Liked by 2 people

  4. I remember the altitude in the altiplano in Peru. I did the Inca trail trek and the first pass is 14,000 ft 4,267 meters. I was only in my mid 30s at the time and so that helped but still I was surprised at how much the altitude slowed me down to a slow climb up the pathway. Your photos are stunning and I am very happy you were able to adjust and show those young men how to do it!

    Liked by 2 people

    1. Yes, your movements become more deliberate in low oxygen. I’m not a natural-born athlete in any case, so slowing down on a slope does not bother me, as long as I can do it. Still, I would like to ride a bicycle across the world’s highest road one summer.

      Liked by 1 person

  5. Yes, high altitudes can be very scary. I recently went on a hiking holiday to Spiti and was dismayed to find myself stopping to catch my breath every few minutes.

    Liked by 2 people

  6. I’m glad you had time to enjoy your trip. My kids recently moved to Reno about 5500 ft. up I was sick when I went to help them and had a similar altitude illness, but not as bad. I don’t know what would happen if I went up to 12,000 ft.

    Liked by 2 people

  7. Wow. Respect for continuing with the trip, even up to 5500 meters! :O

    I had three bouts of altitude sickness, all of them in Bolivia, each time when I climbed a mountain. I had already gotten accustomed to the city (which in the case of La Paz and Potosí are already quite high), but running up the nearest mountain from there took me out.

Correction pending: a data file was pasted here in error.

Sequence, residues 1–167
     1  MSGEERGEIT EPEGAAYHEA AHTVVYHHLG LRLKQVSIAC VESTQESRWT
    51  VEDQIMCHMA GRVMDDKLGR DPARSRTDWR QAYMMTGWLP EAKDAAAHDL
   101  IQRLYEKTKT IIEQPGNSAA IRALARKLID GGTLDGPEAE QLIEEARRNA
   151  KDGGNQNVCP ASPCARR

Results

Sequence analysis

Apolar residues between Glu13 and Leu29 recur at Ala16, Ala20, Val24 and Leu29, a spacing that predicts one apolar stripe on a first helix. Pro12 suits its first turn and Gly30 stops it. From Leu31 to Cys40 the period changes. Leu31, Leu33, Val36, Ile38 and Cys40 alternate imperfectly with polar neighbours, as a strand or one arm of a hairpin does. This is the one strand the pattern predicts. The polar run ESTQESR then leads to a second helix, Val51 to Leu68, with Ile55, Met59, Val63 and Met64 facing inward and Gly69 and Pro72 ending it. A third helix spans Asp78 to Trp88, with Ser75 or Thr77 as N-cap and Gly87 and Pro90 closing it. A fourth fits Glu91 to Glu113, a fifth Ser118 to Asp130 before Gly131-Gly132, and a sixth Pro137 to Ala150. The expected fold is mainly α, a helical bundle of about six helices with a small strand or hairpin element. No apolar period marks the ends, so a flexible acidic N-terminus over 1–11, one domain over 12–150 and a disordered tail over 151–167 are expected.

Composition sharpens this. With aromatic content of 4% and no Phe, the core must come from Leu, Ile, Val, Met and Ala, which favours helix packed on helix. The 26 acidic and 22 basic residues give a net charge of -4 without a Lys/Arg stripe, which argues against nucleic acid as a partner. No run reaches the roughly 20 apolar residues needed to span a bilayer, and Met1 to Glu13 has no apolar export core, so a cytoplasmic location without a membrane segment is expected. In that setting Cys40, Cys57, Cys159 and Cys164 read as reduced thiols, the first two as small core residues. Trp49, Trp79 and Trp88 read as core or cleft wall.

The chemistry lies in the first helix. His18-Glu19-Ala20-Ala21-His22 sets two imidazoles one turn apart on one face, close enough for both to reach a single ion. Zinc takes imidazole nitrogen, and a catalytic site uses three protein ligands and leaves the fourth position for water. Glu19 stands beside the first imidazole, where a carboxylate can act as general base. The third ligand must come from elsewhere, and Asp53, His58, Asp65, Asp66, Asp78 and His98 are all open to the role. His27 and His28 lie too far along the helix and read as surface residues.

I do remember the tingling in the fingers, which was really weird.

    So, while I was much slower than going by plane, I still encountered my limits. Mine was at 5300 meters: https://andreasmoser.blog/2017/03/09/adventure/

    Liked by 1 person

  8. I live in Vancouver at 2 metres above sea level. A few times in Mexico I found that 2600+ metres (sometimes) triggered migraines. Anyway in Argentina we were going by bus up into the Andes to 4200 metres, and I was freaked out, carrying caffeine pills with me, the only thing that took the edge off migraines. The the bus stopped at a little store for extra water, snacks and coca leaves. I ran in and got a bag of the coca leaves. Several people on the bus appeared to disapprove of my purchase but they probably had never experienced migraines. The tour guide told those with the leaves when to start chewing them. When we arrived at in the town there was a cemetery a kilometer up a hill and I charged up there to take photos. When I came back down into the town I saw several people who had refused the coca throwing up. They grasped at the coca leaves as I handed them out. Anyway, if you’re ever travelling in the Andes and they offer you coca leaves or coca tea grab them.

    Liked by 1 person

    1. I’ve heard about coca. Thanks for adding to the case for.

      Reactions to heights depend on so many factors that on different trips you can have different experiences. This had never happened to me before, and once it passed it didn’t recur even at 6 kms.

      Like